Inheriting any type of money is filled with mixed emotions. In the event you are in direct line to inherit an estate, you need to be tax conscious of what inheriting the estate can mean to you. How much federal tax you pay on inheriting estate has much to do with the amount of the estate and your relationship to the recently deceased. Having worked with several clients in the estate planning process, I've seen the highs and lows of the process. If you find yourself in this situation, here are some pointers to consider.
Inheritance Rules For Spouses and Nonspouses
Surviving spouses have little to worry about when inheriting an estate from their deceased counterpart. They will have little to no federal estate tax to worry about it. If you are a non-spouse (think children, grand-children), then that's a different story. A nonpouse inheriting has the potential to be faced with not only federal estate tax, but depending on where they reside, their state can come knocking on the door looking for their cut.
As it stand right now 2010 is the year to inherit an estate that is represented in the chart below (compliments of Money Watch). In just over 6 months as 2011 comes into play, the estate tax is dropping back down to $1 million. Those with estates with over the $1 million mark will be forced to do some strategic planning soon. Very soon, if not already. Remember that you have the option of valuing the estate either at fair market value on the date of the death of the deceased or six months later.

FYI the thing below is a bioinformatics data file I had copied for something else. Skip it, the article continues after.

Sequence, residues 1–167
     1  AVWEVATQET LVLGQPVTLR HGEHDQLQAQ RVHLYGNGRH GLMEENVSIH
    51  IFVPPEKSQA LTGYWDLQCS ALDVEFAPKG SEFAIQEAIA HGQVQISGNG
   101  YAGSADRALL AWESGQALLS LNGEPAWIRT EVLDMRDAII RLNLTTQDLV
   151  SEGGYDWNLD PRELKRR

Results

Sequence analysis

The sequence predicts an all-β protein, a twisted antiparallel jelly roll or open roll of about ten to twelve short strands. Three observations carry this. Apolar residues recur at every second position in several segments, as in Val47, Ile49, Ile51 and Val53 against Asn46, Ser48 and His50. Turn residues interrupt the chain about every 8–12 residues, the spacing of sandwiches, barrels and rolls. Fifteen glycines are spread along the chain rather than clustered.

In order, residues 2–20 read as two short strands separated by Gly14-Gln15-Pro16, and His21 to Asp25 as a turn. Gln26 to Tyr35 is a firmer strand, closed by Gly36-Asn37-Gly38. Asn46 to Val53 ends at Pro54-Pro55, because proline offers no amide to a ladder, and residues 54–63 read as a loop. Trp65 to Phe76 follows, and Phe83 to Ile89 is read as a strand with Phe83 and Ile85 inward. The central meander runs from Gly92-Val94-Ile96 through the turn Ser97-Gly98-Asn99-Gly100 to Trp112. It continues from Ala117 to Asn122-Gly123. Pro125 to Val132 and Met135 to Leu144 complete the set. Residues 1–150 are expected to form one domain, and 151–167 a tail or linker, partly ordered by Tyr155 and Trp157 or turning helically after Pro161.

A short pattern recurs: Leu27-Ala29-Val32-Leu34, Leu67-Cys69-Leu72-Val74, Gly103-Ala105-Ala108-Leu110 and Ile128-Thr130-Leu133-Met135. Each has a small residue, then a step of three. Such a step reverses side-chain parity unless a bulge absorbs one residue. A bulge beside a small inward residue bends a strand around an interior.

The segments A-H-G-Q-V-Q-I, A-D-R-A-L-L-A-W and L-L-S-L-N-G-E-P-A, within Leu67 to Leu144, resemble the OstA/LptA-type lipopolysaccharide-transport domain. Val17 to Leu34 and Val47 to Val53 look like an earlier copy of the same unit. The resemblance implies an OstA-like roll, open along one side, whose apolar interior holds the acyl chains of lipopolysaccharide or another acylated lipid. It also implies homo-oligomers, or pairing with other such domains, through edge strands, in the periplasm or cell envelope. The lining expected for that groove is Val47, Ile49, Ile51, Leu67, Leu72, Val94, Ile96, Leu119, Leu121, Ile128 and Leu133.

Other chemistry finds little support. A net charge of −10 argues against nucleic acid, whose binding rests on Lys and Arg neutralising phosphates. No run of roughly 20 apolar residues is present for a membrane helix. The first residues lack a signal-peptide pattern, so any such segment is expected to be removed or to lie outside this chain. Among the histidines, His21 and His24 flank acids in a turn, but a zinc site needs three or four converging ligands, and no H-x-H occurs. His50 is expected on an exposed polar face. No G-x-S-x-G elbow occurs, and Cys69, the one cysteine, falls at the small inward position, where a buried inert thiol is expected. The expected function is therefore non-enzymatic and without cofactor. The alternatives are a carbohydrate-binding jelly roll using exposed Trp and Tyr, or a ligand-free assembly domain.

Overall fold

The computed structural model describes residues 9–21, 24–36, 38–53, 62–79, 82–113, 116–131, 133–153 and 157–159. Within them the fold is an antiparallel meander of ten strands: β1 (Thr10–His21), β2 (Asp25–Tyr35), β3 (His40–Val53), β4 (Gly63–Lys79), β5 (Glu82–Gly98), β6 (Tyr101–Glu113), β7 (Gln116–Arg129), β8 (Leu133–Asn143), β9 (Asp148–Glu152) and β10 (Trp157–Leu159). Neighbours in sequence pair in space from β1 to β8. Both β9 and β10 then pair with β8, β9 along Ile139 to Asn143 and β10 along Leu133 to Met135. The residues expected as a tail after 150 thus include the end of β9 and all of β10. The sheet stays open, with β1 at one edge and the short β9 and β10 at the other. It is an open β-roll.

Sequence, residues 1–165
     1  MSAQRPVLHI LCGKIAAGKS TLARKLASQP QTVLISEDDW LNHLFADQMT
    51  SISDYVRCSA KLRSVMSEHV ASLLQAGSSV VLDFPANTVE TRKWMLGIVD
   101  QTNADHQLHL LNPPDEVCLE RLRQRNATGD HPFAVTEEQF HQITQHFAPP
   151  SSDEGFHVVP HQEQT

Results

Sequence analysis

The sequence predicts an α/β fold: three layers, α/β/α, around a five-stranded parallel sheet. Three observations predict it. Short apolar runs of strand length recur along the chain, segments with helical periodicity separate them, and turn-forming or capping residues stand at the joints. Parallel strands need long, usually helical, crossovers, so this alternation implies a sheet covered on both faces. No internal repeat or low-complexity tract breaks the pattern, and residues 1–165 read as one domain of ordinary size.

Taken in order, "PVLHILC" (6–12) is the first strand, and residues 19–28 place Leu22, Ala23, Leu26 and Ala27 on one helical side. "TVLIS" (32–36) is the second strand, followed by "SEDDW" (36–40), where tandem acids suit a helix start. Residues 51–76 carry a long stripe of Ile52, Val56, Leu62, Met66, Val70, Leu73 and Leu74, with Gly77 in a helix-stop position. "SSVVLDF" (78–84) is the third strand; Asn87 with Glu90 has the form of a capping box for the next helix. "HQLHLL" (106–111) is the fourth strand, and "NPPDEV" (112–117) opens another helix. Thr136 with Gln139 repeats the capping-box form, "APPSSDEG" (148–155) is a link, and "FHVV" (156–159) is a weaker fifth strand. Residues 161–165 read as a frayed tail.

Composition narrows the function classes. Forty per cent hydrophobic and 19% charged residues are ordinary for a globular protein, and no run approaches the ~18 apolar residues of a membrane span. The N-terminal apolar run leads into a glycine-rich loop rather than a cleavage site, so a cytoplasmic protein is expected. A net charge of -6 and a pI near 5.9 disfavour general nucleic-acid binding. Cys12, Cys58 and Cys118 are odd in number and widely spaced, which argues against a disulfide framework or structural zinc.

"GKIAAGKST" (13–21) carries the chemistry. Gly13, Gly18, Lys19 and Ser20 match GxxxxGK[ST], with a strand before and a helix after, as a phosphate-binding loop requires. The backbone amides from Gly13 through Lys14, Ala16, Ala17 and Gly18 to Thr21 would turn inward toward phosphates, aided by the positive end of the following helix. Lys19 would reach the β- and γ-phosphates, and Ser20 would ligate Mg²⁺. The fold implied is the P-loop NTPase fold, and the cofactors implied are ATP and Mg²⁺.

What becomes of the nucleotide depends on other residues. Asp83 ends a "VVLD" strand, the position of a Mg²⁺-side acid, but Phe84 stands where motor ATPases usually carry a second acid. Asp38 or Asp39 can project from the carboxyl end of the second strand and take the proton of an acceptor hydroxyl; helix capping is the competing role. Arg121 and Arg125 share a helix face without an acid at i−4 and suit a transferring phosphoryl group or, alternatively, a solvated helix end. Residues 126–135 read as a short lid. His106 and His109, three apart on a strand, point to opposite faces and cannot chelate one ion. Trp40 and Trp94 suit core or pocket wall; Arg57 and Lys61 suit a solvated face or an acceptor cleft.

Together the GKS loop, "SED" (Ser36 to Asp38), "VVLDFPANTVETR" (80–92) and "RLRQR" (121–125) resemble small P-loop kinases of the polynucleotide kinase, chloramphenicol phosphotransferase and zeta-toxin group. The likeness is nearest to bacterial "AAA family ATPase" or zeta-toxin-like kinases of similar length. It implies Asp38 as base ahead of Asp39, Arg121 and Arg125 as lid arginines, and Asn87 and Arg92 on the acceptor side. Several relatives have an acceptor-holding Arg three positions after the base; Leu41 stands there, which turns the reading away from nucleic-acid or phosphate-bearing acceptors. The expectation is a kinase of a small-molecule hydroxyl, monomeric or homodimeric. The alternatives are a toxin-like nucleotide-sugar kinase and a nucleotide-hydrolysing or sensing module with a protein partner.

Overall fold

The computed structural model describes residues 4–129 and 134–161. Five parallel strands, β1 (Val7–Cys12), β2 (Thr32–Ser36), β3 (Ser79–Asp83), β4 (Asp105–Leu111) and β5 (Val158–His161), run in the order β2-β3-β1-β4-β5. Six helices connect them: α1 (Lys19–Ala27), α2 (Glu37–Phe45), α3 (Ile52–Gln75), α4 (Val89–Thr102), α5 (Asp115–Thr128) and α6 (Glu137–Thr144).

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If you're over the threshold and you haven't done strategic planning with trusts, you're currently looking at a tax rate of 45% for 2010. As the chart above indicates, that shoots up to 55% in 2011. Ouch!
These percentages don't even include what your state may charge. Each state is different so be sure to double check with a qualified estate attorney to help you in the process.
Rules on Inheriting IRA's
Typically, spouses who inherit IRAs may treat the IRA as their own and must begin required minimum distributions (RMDs) after age 70 1/2. RMDs. That is pretty straightforward and you can expect to pay ordinary income tax on the amount.
What about children, grandchildren and any one considered to be a nonspouse? The rules on inheritances is much different.
Nonspouses do not have the option to postpone RMD's. They will have to transfer the money into what is called a inherited IRA or beneficiary IRA. You have two options of taking money from an inherited IRA.
- They may empty the account over a 5 year period or
- Take annual distributions, with the amount determined by the account balance and the beneficiary's life expectancy.
The latter strategy may permit a larger portion of the account to grow tax-deferred and is often referred to as a stretch IRA.
Inheritance Rules Can Be Complicated
Don't try to understand these inheritance rules on your own. Find a good estate attorney to assist you to make sure you and your are well protected.